Column: So long, NCAA
The "student athlete" concept is dated — Johnny Manziel agrees
Published: Monday, February 25, 2013
Updated: Monday, February 25, 2013 21:02
I've long been tired of the “student-athlete” moniker and the notions it implies. So has Johnny Manziel, apparently, because it took him a month to permanently compromise the idea.
His on-field play is as scintillating as it comes, but who could have predicted the business acumen and savvy Manziel would flash this offseason? Don’t be fooled by the Twitter feed stuffed with Mardi Gras beads, talk of “haters” and celebrity photos —Manziel and his circle know what they’re doing.
In comments made at the acceptance dinner for his Davey O’Brien Award, Manziel confirmed something A&M fans have taken for granted for some time: the quarterback is taking an online-only course load. The joke that athletes don’t actually go to class is a longstanding one, but now it’s reality. The athlete with the highest profile in the nation — the one who brought a dash of youthful, maroon brashness to the fraternity of Heisman winners — doesn’t attend classes on A&M soil. How else could he continue his frenetic pace of public appearances? Who hasn’t he met?
Don’t overlook the significance of this announcement. At surface level, the question has to be asked whether it is even possible to graduate with a business degree taking only online courses. Doesn’t this cement the idea that he’ll bounce after another year in Aggieland for the NFL? Digging deeper, this represents an about-face in the way we look at college athletes. He’s not a student-athlete because he’s only a student in the loosest possible sense.
He hasn’t stopped there. Last week, Manziel’s corporation (JMAN2 Enterprises — not making this up) filed suit against a man who sold “Keep Calm and Johnny Football” shirts in violation of Manziel’s 2012 licensing of the nickname. The result of the lawsuit isn’t the important part. Manziel can’t directly profit on his name and accomplishments (even while the NCAA and A&M make millions on the No. 2 jersey and the quarterback who wears it), but the NCAA informed A&M that “a student-athlete can keep financial earnings as a result of a legal action.”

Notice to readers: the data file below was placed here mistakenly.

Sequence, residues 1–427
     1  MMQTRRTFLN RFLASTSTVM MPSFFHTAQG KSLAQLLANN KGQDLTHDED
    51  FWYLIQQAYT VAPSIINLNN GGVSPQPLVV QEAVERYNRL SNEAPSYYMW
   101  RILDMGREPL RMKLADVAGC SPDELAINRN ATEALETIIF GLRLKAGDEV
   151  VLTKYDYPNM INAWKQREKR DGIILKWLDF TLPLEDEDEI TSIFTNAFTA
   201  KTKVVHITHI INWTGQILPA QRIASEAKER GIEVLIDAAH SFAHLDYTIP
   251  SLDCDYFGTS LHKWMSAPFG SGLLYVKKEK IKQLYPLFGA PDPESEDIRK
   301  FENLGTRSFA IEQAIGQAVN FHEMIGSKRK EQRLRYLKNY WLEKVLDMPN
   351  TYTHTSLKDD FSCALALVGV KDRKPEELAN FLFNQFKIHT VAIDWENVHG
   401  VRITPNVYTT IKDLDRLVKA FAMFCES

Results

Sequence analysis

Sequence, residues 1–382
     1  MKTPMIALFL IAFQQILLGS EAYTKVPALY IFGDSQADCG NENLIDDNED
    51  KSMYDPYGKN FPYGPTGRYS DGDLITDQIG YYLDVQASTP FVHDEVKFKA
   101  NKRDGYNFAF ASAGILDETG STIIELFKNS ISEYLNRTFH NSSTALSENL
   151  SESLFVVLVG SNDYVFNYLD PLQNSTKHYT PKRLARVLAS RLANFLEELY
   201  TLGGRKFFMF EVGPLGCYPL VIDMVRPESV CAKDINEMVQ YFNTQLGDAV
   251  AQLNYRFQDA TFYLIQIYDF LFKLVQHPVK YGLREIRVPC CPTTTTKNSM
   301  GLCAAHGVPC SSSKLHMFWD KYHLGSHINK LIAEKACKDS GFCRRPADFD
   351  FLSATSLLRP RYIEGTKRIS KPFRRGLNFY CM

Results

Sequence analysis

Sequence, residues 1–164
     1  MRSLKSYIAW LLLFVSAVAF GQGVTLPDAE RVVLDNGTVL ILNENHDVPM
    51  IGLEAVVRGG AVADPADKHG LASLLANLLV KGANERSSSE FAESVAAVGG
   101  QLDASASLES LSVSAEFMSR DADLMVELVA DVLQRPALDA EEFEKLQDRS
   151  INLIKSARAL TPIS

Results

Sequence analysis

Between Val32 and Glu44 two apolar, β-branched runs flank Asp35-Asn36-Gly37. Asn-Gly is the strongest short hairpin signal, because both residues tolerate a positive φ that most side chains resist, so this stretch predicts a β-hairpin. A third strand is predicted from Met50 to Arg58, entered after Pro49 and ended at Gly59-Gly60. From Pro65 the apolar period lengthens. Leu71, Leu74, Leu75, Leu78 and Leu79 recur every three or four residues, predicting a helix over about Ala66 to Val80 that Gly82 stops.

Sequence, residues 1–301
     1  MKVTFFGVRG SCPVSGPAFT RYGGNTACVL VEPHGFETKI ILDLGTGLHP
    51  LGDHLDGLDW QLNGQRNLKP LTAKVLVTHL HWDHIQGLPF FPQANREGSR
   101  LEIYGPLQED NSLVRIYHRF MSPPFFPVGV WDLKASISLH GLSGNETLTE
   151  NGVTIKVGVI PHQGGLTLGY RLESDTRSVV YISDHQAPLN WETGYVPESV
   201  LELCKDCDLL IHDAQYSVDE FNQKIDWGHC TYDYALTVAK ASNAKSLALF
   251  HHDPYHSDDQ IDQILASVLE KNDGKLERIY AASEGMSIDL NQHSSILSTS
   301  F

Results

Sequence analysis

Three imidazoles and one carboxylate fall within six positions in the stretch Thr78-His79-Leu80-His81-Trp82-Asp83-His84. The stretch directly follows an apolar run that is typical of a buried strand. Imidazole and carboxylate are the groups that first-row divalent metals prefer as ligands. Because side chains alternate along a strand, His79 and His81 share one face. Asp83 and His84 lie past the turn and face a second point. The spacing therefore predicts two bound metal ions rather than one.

If he wins this suit and the ones that could follow, the money is his own.
In the past month, Manziel has peeled the skin off the NCAA’s bureaucratic nonsense and opened a loophole to (legally) make a profit off his own name and (legally) exempt himself from attending class. He’s not a student anymore, and he’s not an amateur. He’s an athlete. And why shouldn’t he be?
Fans are peddled artificial constructions every day, and the ability to sift through them is crucial for this discussion. We’ll start with Manziel himself. Johnny Football — the most down-South American nickname that has ever been and will ever be — is “Jonathon Manziel of Kerrville, Texas,” as he called himself in his first-ever addressing of the media, because he wants to be. Kerrville kids that want to remain Kerrville kids don’t have things like “JMAN2 Enterprises” attached to their names.
His small-town image is as much a construction as the “Heismanziel” marketing campaign that launched him into the public, which is as much a construction as the NCAA’s glorification of amateurism. Athletes have a shelf life. They don’t last long. The average NFL career, according to the Player’s Association, is a shade over three years. Elite athleticism is a marketable skill, and the NCAA knows it, which is why it cashes in on these skills for millions every year. The players are expected to be content with a scholarship for a degree many of them won’t stay around long enough to see. Team spirit, loyalty — when will we stop forcing these buzz words on eighteen-year-olds? The only amateur competition that can hold up in a comparison to its professional counterpart is SEC football. And even in that case, the product is so similar in fanfare and monetary exchange that squeezing SEC football (with Manziel as the face) into a one-size-fits-all lens of viewing athlete compensation is ridiculous. A third-party study found that Manziel’s Heisman win generated $37 million in media impressions (read: free, valuable advertising). How much did Manziel see? Speculative ticket pricing has Alabama’s Sept. 14 trip to College Station in the thousands of dollars per seat. What’s Manziel’s cut?
The student-athlete moniker is an anachronistic, almost-funny joke. Haven’t we known it all along? Apparently, all we needed was an athlete with a little free time to topple the NCAA’s ideas of “student” and “amateur.” His online-only schedule must have bought him more time than anyone imagined, because somewhere between Duck Dynasty meet-and-greets, Wale concerts and the NBA All-Star Game, Manziel managed to undermine everything on which college football’s governing body stood.